2006 Volume 114 Issue 1325 Pages 1-14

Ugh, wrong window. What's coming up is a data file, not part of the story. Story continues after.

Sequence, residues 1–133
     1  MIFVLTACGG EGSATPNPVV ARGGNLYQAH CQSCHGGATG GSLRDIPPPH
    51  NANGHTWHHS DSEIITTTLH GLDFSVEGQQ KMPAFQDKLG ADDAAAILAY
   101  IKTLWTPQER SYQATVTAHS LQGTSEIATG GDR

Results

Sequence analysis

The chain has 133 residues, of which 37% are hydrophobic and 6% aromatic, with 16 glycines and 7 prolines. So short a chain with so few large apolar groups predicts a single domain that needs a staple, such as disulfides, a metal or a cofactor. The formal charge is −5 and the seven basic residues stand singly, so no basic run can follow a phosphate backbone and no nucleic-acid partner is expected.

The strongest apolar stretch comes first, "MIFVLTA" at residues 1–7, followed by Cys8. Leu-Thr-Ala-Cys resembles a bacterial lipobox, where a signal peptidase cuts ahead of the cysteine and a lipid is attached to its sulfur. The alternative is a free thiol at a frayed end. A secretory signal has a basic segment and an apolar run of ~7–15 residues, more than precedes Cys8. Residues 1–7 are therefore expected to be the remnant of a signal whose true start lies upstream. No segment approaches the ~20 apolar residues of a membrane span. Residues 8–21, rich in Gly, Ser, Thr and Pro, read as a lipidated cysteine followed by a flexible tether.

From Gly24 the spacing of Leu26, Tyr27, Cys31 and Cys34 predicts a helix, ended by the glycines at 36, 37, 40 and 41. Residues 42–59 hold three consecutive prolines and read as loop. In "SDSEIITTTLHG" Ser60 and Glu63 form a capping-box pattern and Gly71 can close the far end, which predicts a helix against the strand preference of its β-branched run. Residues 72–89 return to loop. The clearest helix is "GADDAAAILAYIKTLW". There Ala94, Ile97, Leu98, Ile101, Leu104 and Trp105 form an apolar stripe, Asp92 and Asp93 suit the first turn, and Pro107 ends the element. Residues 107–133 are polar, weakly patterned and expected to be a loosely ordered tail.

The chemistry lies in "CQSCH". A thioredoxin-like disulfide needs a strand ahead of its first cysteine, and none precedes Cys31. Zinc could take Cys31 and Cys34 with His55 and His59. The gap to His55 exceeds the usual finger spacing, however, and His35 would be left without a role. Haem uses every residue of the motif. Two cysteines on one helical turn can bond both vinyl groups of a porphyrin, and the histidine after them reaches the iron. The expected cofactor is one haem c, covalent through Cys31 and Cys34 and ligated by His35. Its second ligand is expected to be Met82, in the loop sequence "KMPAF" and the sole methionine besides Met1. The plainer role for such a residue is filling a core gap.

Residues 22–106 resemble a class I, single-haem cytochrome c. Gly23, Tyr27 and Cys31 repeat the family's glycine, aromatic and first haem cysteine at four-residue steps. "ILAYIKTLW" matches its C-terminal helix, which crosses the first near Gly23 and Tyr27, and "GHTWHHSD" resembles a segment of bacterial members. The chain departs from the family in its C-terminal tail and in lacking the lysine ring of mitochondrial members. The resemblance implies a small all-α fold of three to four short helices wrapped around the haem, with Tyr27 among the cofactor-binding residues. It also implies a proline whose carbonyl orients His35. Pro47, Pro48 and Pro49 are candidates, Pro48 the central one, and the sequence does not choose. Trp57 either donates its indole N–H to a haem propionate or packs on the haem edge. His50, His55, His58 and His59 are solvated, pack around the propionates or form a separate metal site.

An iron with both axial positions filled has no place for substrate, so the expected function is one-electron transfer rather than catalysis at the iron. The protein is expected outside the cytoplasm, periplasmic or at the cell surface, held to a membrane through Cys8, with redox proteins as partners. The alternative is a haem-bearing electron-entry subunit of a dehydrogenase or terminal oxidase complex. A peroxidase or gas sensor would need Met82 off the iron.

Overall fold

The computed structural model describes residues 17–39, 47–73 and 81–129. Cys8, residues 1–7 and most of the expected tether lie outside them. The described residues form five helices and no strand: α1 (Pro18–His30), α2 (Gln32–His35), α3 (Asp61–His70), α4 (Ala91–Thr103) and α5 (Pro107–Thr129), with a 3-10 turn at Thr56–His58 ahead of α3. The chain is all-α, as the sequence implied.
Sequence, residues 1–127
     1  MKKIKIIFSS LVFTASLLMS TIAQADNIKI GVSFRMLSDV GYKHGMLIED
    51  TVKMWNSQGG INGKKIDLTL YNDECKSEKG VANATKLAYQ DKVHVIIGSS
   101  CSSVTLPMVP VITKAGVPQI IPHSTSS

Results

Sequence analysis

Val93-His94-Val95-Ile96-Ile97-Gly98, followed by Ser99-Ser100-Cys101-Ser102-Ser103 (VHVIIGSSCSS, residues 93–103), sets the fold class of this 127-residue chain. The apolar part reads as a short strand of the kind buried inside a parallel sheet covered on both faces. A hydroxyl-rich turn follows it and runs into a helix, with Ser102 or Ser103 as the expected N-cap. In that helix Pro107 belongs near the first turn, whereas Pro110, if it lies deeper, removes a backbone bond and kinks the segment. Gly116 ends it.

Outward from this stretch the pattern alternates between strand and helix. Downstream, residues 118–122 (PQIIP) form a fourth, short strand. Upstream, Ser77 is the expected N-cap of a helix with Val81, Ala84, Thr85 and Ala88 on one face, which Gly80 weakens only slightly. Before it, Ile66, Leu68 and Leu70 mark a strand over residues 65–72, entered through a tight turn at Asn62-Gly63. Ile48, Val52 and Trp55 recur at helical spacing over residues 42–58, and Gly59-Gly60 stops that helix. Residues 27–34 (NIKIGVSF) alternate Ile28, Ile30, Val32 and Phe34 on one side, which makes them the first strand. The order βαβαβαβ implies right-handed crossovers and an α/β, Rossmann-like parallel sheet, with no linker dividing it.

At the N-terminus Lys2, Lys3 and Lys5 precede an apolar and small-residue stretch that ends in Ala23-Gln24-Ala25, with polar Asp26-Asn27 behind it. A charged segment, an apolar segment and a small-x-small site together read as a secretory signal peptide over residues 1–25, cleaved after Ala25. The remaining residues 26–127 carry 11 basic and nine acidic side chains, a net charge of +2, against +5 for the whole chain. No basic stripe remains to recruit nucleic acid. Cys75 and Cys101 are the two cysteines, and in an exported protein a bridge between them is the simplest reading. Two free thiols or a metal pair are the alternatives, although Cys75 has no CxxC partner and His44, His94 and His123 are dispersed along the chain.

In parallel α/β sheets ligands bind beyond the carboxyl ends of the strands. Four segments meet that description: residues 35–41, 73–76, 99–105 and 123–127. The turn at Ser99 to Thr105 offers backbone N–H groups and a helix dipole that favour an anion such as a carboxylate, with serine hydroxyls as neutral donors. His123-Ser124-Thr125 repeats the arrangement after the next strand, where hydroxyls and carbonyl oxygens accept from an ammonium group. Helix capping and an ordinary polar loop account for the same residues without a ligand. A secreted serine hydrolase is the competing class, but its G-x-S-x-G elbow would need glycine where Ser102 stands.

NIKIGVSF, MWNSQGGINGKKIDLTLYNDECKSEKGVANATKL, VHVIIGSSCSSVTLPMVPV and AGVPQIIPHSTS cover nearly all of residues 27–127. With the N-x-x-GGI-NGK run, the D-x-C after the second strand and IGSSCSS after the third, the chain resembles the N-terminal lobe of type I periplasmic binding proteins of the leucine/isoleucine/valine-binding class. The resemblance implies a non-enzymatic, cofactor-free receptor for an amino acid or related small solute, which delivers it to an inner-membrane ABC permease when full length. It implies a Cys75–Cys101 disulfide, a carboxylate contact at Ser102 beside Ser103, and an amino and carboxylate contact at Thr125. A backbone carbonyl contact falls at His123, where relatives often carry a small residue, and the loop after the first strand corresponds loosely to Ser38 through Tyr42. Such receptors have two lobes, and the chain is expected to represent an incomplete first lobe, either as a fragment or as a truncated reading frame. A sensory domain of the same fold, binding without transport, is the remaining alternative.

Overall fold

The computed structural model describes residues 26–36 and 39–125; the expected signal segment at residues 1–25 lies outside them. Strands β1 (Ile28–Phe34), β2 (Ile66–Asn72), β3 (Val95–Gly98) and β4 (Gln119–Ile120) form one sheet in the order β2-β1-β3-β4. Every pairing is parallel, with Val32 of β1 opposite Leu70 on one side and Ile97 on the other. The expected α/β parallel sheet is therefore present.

Electrophoretic deposition (EPD) is gaining increasing interest as a processing technique for production of novel inorganic nanostructured and nanoscale materials, including the use of nanoparticles, nanotubes, nanorods and related nanomaterials. Recent advances in the electrophoretic deposition of a great variety of ceramic and metallic nanoparticles, carbon nanotubes and other inorganic nanoscaled materials are discussed in this review. The purpose of the paper is to demonstrate the utility of an applied electric field to manipulate and control the deposition of electrically charged nanoscaled particles and other nanostructures on solid surfaces from liquid suspensions. A wide range of applications has been reviewed, demonstrating the high versatility and suitability of the EPD technique as a convenient nanotechnology processing tool. Nano-enamels and structural coatings, electrodes and films for fuel cells, capacitors, sensors and other microelectronic devices, fibre-reinforced and graded ceramic composites, nanostructured films and coatings for electronic, biomedical, optical, catalytic and electrochemical applications are some of the examples discussed. The combination of sol-gel methods and EPD for production of a variety of nanomaterials is also reviewed.